For example, read these Caribbean historical narratives from the all-inclusive hotel chain Superclubs: Jamaica; Dominican Republic; and the Bahamas. Notice how bringing noise to the past Superclubs also silence the past. All the historical narratives write as if Caribbean history only began when Columbus discovered the ‘new world.’ The pre-Hispanic Caribbean is silenced as the white/male/European perspective is emphasised. In all these narratives the noise would suggest the destination were devoid of human inhabitants before 1492. There is no mention of how the indigenous inhabitants help to make the Spanish as much as the Spanish invented these destinations.

The historical narrative continue in this style, which attempts to silence the pre-Hispanic Caribbean, silence slavery, and silence forms of resistance to colonialism and/or imperialism. Instead the noise of the narratives aims to describe the destination in terms of the benefits the visitors have brought to them. Of course, this noise, and production of silence, is used to remove feelings of guilt and unease about visitors visiting the Caribbean. Which 0f course is beneficial to Superclubs as they are in the business of bringing consumers/visitors to their Caribbean destinations.

Yet the silence is also what haunts their historical narratives. When they create noise to produce silence the silence can emerge as counter-actualisation of noise. A noise Superclubs try to silence. The aim is not to moralise or claim an objective superiority when reading a historical narrative that silences the past through narrating the past, but instead to provide (counter) historical narratives that bring noise to the silence in the text. This noise can act to destabilise the production of silence as historical narratives silence the past.

Tuesday, January 15, 2008

Zizek writings online

Thanks to notebook eleven for bringing this website to my attention Especially the list of links for Zizek writings.

Of note are:

New on lacan dot com
Part 1 -
Part 2 -
section I: Against the Politics of Jouissance -
section II: The Market Mechanism for the Race of Devils -
I. No Man is an Island… -
II. Competition is a Sin -
III. To Read Too Many Books is Harmful -
1. Introduction - Spinoza -
2. Kant - Hegel -
3. …and Badiou! -
Leninism Today: Zionism and the Palestinian Question -
Cogito, Madness and Religion: Derrida, Foucault and then Lacan -
Madness and Habit in German Idealism
Discipline between the Two Freedoms: part 1 -
Discipline between the Two Freedoms: part 2 -
Only a Suffering God Can Save Us
section 1: Hegel -
section 2: Kierkegaard -
Radical Evil as a Freudian Category -
Religion between Knowledge and Jouissance -
Do We Still Live in a World? -
1. Introduction - Bibliography -
2. Lacan Confronts the CIA Plot -
3. Lacan Turns a Prayer Wheel -
4. Lacan with Wide Eyes Shut -
5. Lacan as Viewer of Alien -
6. Lacan as Viewer of Casablanca -
7. Lacan Plays with Bobok -
8. Lacan as a Reader of Bouyeri -
Woman is One of the Names-of-the-Father (Lacan’s Formulas on Sexuation) -
The Most Sublime of Hysterics: Hegel with Lacan -
Connections of the Freudian Field to Philosophy and Popular Culture -
Kant and Sade: the Ideal Couple -
Lacan: at What Point is He Hegelian -
CINEMA:A Pervert’s Guide to Family -

Friday, January 11, 2008

Image over Word

In his article 'War as Game' James Der Derian claims the reporting of the second Gulf War meant 'once again, the image won out over the word.' The argument is an extremely relevant point, which points towards the dominance of visual images in the contemporary world. To a certain extent this can be traced to the emergence of television as a popular home entertainment appliance. One only needs thinks of the importance of television in the Nixon vs Kennedy debate to consider the political influence visual images play. In this debate the majority of radio listeners had felt Nixon had won the debate. However, in comparison those who watch it on television, who saw a underweight Nixon recently out of hospital, felt Kennedy won the debate. This youtube video is a useful insight into the importance of the medium. watch here.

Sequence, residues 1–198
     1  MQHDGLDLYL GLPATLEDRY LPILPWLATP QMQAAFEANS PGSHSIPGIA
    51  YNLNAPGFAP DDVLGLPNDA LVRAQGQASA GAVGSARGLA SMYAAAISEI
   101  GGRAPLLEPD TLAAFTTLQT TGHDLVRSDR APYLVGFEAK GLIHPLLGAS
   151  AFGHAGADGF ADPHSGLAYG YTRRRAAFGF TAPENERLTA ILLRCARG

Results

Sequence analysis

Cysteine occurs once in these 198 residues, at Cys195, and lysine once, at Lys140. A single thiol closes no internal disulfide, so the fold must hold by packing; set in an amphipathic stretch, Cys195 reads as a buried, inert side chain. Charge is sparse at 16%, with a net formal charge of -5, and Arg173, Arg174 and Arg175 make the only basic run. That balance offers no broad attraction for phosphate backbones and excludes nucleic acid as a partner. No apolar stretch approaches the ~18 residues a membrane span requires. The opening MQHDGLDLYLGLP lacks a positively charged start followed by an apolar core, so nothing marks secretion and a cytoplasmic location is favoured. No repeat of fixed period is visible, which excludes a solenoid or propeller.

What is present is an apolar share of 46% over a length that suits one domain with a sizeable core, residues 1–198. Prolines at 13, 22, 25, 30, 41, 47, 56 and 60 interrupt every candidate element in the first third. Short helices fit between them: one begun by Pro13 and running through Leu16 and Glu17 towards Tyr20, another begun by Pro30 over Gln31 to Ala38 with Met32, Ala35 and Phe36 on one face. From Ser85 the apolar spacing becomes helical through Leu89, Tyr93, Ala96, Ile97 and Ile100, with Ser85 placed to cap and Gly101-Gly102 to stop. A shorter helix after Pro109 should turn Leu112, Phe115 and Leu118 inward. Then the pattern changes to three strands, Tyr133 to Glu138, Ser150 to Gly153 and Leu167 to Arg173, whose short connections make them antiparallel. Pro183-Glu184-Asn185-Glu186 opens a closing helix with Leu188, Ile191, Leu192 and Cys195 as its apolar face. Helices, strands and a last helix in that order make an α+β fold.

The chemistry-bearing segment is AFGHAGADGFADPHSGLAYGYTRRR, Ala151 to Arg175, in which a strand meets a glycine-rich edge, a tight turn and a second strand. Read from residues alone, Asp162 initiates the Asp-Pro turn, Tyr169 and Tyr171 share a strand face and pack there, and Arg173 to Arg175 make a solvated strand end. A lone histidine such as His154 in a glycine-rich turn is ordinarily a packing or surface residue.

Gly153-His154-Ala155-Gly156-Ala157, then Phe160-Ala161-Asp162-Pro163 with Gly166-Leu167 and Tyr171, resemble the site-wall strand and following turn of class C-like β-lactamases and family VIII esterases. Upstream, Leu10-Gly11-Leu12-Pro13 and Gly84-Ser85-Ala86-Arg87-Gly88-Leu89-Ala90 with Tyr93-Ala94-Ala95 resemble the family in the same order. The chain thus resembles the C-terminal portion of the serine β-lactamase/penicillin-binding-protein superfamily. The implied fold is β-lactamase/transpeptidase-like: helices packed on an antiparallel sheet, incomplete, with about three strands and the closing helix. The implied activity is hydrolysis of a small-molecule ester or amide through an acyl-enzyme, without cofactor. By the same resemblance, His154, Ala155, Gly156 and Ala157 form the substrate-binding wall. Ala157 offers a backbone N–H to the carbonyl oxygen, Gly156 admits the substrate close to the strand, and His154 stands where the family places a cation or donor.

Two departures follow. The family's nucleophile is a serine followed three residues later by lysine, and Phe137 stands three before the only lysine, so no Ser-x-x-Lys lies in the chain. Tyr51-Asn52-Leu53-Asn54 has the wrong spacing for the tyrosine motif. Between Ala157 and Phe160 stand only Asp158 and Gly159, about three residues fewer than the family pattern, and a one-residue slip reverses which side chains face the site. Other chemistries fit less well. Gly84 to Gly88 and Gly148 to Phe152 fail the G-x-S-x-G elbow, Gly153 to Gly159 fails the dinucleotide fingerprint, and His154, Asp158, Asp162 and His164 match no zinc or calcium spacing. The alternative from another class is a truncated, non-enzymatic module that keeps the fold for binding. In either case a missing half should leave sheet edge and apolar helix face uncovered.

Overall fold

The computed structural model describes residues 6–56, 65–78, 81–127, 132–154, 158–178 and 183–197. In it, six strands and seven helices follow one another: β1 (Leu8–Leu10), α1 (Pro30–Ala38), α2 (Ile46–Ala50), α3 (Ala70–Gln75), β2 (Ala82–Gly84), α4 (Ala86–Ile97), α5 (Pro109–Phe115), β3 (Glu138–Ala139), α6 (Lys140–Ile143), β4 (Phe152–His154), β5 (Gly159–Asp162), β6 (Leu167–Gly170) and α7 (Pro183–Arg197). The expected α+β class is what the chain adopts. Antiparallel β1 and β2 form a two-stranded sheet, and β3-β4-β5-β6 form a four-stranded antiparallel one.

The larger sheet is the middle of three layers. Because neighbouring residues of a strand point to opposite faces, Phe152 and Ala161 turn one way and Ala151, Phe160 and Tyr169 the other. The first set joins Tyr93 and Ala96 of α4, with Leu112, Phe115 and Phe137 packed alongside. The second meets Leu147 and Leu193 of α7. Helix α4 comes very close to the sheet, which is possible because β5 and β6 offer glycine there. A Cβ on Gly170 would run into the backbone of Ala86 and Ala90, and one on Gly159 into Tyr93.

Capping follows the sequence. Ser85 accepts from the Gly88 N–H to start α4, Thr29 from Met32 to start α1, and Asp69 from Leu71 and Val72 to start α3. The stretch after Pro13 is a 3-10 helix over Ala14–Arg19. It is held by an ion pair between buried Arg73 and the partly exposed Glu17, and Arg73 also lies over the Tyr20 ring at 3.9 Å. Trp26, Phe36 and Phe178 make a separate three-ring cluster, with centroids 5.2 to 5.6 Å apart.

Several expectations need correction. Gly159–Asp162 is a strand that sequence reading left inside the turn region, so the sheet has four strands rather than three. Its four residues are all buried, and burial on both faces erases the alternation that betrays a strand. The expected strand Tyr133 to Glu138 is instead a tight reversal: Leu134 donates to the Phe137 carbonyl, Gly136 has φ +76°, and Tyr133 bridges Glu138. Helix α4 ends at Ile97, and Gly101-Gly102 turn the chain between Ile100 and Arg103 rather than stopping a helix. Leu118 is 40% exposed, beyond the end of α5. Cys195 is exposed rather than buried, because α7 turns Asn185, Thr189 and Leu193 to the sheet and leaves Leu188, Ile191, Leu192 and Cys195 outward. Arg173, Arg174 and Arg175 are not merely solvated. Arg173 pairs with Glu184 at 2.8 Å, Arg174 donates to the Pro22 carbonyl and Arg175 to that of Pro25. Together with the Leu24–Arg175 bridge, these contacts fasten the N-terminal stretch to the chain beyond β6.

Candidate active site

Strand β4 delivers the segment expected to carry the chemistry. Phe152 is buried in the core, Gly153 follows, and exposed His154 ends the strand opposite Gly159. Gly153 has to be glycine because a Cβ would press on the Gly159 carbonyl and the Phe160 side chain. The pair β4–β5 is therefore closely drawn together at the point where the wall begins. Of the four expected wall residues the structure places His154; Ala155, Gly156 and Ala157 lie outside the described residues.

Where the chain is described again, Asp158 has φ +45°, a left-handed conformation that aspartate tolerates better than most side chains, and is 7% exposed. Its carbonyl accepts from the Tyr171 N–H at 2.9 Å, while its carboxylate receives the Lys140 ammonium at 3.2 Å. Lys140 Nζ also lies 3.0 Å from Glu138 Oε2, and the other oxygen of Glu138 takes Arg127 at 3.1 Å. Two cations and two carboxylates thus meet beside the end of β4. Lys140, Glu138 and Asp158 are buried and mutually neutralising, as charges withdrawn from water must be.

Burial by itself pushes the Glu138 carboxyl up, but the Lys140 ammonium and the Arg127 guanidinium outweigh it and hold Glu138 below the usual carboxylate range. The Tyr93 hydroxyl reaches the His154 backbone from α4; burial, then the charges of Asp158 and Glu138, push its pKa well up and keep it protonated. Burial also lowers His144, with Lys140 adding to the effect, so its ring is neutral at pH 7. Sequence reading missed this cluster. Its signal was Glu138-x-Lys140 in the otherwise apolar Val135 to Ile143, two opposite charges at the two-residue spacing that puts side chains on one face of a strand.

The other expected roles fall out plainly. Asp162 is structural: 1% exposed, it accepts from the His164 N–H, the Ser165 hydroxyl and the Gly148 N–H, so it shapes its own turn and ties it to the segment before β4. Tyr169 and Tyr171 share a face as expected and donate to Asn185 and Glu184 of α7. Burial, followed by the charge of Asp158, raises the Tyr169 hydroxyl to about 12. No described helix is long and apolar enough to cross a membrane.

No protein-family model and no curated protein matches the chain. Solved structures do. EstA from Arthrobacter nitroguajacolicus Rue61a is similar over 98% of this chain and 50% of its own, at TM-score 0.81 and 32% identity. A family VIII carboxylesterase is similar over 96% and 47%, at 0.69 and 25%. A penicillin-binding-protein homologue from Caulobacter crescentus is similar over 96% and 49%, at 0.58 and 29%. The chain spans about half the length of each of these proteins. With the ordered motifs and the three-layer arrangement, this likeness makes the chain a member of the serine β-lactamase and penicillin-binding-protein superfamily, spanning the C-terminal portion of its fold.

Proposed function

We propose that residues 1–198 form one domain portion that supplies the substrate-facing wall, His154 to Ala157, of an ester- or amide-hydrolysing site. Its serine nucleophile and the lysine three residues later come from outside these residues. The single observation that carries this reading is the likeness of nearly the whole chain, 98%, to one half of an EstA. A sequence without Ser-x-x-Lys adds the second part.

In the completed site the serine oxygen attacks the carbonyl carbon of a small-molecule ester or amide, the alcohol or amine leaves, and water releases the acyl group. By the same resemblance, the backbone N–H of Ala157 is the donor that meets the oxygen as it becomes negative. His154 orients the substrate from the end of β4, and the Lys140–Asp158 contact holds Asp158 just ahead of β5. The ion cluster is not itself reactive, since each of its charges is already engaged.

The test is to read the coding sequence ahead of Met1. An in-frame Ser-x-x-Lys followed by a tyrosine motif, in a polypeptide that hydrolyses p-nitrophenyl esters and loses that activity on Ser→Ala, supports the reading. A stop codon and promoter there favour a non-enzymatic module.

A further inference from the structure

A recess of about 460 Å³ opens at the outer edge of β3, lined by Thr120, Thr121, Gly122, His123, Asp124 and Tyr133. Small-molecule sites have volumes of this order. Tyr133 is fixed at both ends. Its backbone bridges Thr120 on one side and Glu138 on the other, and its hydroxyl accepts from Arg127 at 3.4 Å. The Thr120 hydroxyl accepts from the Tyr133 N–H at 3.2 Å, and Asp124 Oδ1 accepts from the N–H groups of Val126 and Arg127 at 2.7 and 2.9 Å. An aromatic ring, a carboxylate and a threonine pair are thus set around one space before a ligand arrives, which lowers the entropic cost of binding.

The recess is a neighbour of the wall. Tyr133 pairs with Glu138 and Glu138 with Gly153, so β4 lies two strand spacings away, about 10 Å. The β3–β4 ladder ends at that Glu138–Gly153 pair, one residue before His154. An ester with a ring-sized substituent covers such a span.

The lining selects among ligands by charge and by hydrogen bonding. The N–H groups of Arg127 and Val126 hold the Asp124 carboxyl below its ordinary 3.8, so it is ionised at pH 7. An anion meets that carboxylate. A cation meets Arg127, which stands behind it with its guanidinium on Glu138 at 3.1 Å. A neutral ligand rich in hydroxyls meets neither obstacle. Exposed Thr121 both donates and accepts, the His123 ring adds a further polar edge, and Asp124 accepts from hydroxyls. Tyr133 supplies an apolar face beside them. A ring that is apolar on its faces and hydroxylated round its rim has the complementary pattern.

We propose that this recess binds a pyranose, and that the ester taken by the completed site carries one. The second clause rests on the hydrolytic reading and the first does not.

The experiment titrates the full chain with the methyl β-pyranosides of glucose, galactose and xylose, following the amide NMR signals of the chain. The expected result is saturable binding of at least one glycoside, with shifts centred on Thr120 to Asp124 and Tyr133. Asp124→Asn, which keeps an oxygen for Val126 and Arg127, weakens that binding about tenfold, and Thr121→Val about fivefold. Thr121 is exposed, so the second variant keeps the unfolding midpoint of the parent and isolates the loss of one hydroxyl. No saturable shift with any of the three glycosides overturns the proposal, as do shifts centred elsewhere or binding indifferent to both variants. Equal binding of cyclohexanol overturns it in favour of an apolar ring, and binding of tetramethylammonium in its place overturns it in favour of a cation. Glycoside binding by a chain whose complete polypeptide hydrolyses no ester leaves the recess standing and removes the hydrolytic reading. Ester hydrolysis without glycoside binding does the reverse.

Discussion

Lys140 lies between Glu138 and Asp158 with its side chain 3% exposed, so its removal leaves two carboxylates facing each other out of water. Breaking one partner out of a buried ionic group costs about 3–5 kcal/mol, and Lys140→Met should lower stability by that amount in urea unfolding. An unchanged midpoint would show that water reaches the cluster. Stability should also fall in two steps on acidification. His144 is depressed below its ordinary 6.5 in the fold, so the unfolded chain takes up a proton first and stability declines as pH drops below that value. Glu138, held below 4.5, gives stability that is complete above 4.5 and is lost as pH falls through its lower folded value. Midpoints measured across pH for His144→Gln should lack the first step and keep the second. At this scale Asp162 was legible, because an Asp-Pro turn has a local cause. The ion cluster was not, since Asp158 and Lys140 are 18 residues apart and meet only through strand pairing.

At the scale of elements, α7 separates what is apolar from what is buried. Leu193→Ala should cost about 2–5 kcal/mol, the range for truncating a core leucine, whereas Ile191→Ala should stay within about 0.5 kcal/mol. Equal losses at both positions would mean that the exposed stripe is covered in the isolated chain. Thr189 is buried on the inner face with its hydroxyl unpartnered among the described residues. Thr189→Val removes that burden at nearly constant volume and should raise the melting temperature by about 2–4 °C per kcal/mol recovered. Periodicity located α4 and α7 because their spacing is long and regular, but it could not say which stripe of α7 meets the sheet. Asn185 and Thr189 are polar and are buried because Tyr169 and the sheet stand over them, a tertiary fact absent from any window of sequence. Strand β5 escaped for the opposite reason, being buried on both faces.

I mention the importance of visual images in politics as this has once again played an important role in politics. Hilary Clinton's tears, whether real or unreal, was a significant image used to win the recent New Hampshire election. So far her image in the media was unemotional and lacked compassion and those tears helped to overcome this image.

There is a larger, and more significant point to be made, and that is I really could not tell you what any of the main candidate policies are. I do admit I have not been following the elections closely, but when I do listen to them being reported the news is only about poll ratings or the candidates images rather than what they standing for. Maybe Baudrillard was not wrong to claim that we have moved into the simulation of politics as the image wins over the word.

Tuesday, January 8, 2008

The Politics of Fear and the Democrats

Do the Democrats use fear as a technique to play out a Zizekian 'forced choice' of democracy to ensure the 'correct' neoliberal candidate?

According to Something Different they are. Read the argument here.

Friday, January 4, 2008

Beer and Philosophy

Zoepolitics has written a nice entry about beer, good and evil, and philosophy. A very interesting post and I can recommend reading it here.

I like the idea about a self overcoming of viewing beer as either good and/or evil. My own 'philosophical' view would be to regard beer from a material Spinoza sense. Which would consider the (virtual) capacity for the beer to affect (not effect) a mode/body. The consumption of beer could therefore be beneficial to one and/or a society/culture. However, there is also those immanent imperceptible becomings where one can pass a critical threshold that means the body no longer consumes the beer, but rather the beer consumes the body - alcoholism.